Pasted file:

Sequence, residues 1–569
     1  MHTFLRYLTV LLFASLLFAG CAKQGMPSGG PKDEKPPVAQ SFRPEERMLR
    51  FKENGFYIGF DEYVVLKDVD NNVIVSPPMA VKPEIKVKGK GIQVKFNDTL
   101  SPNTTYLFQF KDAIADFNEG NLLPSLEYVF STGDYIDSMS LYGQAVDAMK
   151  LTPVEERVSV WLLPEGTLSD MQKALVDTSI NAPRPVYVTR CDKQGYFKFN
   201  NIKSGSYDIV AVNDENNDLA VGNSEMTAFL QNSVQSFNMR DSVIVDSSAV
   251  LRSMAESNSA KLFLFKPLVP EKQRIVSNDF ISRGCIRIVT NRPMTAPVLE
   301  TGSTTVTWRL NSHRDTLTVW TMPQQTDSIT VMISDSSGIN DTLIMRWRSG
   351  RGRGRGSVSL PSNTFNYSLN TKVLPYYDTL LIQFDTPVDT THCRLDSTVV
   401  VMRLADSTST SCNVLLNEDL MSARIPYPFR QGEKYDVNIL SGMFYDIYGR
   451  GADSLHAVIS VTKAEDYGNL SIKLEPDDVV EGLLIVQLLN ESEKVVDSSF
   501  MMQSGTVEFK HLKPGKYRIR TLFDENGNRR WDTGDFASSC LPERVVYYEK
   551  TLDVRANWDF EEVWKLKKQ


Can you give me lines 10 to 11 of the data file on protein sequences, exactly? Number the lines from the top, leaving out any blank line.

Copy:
   401  VMRLADSTST SCNVLLNEDL MSARIPYPFR QGEKYDVNIL SGMFYDIYGR
   451  GADSLHAVIS VTKAEDYGNL SIKLEPDDVV EGLLIVQLLN ESEKVVDSSF